14 November 2019

Critique: Cells grow after fly sex

This week’s poster comes fro Josephine Hellberg. This work was recently published (Leiblich et al. 2019), so Josephine was able to set her poster free for others to see! Click to enlarge!


Josephine wrote:

I wanted to keep the poster to-the-point and only highlight the one, key result that came out of my PhD work, and keeping it as simple as possible. I was quite pleased with the poster at the time, but now, when I look over it with fresh eyes, I realise that I probably didn’t go far enough in making the poster self-explanatory. But I like how little information I managed to put onto it and still tell a story: I’m more interested in the stories than the background when looking at posters myself, and I wanted to reflect this. (In case of interest, people can always go to the research paper(s) themselves.)

Josephine put lots of good principles in play here. You have a big graphic up at the top left, where people look first. That it’s circular helps make it stand out more.

Following the circle, the boxes have rounded corners. The fortunately, the corners are rounded by about the same amount, so there is consistency across the entire page. Likewise, the colour scheme seems to draw from the microscope images and is consistent throughout.

There is a very high proportion of visuals to text. The images within individual boxes are generally aligned well.

The bottom right has a clearly labelled conclusion, and the logos and fine print are also down at the bottom, not competing for space in the title bar.

And this biology pedant gives 1,000 points for listing the name of the fly as with it specific epithet, not just “Drosophila.” Though I’d have given 5,000 points if the genus name was spelled out in full, and 10,000 points if the title included a plain English name like “fruit flies.” (But don’t worry, the points don’t matter, as they always said on Whose Line is is Anyway?)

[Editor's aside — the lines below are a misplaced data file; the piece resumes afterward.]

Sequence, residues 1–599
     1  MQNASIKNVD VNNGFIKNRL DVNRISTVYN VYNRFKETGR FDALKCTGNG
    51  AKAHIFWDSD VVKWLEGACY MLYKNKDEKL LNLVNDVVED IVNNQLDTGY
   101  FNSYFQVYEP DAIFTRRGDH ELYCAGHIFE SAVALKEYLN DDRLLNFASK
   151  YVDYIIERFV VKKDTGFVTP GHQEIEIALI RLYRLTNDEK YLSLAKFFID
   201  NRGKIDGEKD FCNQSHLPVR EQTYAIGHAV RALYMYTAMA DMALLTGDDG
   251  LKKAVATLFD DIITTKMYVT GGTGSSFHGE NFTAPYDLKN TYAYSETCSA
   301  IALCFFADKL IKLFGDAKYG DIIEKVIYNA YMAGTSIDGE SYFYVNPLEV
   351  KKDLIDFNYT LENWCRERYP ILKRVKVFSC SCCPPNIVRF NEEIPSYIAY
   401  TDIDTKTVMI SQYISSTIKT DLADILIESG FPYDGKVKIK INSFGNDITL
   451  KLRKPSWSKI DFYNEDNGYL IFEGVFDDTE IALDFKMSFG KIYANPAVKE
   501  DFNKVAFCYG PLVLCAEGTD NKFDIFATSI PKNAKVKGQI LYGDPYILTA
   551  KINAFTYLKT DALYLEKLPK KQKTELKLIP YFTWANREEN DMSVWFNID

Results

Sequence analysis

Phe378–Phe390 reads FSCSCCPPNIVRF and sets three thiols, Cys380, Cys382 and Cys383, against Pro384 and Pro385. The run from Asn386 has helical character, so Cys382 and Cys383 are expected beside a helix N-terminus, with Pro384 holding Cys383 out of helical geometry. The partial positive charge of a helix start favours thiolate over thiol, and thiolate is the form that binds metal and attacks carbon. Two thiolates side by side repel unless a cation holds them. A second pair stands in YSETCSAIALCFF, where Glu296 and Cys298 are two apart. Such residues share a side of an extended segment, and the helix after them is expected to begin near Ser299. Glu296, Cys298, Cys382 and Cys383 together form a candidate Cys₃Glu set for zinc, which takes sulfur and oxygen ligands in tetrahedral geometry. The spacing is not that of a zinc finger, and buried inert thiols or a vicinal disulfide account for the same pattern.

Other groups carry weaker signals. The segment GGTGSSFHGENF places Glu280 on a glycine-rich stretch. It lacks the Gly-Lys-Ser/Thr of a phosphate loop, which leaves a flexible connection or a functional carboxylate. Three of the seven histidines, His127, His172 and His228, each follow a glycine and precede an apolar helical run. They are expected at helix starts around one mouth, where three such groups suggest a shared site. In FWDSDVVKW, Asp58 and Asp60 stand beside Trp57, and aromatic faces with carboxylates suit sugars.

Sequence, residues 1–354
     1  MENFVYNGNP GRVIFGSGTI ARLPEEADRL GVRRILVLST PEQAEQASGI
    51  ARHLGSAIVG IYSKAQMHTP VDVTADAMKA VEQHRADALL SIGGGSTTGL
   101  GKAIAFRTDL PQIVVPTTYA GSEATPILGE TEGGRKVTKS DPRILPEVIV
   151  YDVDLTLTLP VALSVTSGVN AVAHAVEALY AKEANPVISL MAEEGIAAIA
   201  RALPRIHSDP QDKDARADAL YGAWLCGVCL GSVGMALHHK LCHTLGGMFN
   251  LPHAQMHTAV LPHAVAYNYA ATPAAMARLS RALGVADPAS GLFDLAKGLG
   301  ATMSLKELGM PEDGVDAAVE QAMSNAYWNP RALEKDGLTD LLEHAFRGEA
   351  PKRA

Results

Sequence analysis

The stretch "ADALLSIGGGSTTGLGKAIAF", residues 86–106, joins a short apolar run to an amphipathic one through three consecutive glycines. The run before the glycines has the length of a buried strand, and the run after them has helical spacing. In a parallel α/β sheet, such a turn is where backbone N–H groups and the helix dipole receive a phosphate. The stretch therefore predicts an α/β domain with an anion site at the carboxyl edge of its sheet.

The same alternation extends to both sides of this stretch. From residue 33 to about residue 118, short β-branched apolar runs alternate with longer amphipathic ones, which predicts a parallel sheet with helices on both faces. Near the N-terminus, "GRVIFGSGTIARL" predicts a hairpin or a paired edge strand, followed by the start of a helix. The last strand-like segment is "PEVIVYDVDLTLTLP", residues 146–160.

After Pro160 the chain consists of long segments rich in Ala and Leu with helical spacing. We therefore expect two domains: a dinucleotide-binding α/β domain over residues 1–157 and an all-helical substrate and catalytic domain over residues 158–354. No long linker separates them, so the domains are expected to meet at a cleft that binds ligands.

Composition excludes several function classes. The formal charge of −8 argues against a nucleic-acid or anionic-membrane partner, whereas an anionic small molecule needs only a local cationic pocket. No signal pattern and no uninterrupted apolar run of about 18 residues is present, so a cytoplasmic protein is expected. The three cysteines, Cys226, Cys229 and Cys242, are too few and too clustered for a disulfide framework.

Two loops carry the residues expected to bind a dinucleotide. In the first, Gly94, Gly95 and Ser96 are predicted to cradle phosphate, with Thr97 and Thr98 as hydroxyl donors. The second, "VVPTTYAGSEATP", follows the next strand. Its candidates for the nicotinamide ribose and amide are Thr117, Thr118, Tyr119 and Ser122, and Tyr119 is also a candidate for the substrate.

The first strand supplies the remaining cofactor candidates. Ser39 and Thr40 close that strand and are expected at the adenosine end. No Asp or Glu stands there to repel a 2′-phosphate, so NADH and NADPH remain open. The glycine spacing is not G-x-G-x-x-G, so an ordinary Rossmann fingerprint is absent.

Drew Carey saying, "That's right. The points don't matter."

There aren’t too many things I would try to do differently.

The title of the poster is a little under emphasized, for two reasons. First, the image right next to it draws the eye more effectively than text. Second, the type for the title and headings is Century Gothic (or a close relative). As I’ve mentioned before, this typeface has some issues for posters: the strokes are thin and the shapes of different letters are very similar.

At the very least, using a bold weight might have been worth a try. Bold weight would have probably required some finessing for the section headings, given that the heading isn’t much narrower than the box it is in.

Related posts

Critique: Cubic slip-systems

Reference

Leiblich A, Hellberg JEEU, Sekar A, Gandy C, Mendes CC, Redhai S, Mason J, Wainwright M, Marie P, Goberdhan DCI, Hamdy FC, Wilson C. 2019. Mating induces switch from hormone-dependent to hormone-independent steroid receptor–mediated growth in Drosophila secondary cells. PLOS Biology 17(10): e3000145. https://doi.org/10.1371/journal.pbio.3000145.

07 November 2019

Critique: Crayfish cell culture

“Here’s one we did earlier,” as they say on the cooking shows. This was a poster I did in 2018 for the International Crustacean Congress in Washington, DC, and the paper is now out as a preprint. Click to enlarge!


I had seen lots of posters that used white text on black effectively. I decided this was my turn to try it. The background is not a “pure” black, however. It’s more a very dark brown. I used the eyedropper tool to pick a dark colour from the central picture of the crayfish. Likewise, the large text is not pure white, but a slightly off-white picked up from some of the gravel. The consistence of colour helps tie the poster together.

The amount of text on the poster is higher than I would like. But because the point of this poster is to describe a method, it’s either a set of instructions written in sentences, or a flowchart. I took the coward’s way out and wrote it out.